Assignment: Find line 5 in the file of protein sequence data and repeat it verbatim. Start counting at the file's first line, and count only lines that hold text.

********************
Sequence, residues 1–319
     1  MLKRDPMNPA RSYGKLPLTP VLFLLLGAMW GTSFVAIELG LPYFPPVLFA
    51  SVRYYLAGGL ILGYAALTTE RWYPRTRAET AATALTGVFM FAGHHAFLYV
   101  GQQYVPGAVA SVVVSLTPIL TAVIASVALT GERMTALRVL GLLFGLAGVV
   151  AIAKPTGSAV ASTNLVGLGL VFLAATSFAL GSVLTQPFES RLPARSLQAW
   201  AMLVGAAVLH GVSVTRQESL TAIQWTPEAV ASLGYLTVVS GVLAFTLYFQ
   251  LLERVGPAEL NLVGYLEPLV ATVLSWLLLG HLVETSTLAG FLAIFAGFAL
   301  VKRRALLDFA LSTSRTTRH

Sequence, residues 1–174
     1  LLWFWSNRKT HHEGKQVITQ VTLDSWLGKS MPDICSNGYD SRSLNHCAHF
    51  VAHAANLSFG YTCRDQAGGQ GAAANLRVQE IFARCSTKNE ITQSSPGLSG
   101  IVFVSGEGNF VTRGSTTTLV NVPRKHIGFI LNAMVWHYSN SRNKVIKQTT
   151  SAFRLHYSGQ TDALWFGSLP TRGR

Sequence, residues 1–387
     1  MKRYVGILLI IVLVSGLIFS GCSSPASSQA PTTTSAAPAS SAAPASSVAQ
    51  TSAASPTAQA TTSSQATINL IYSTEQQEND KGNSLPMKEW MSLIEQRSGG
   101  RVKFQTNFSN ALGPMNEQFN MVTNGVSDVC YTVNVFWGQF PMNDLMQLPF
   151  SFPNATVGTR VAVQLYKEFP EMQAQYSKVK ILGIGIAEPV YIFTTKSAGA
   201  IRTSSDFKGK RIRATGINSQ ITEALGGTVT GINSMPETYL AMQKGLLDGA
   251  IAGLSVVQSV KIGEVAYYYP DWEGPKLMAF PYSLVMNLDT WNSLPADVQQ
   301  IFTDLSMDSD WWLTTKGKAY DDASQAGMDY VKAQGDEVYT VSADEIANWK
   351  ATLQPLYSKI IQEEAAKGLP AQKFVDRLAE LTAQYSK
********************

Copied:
   151  AIAKPTGSAV ASTNLVGLGL VFLAATSFAL GSVLTQPFES RLPARSLQAW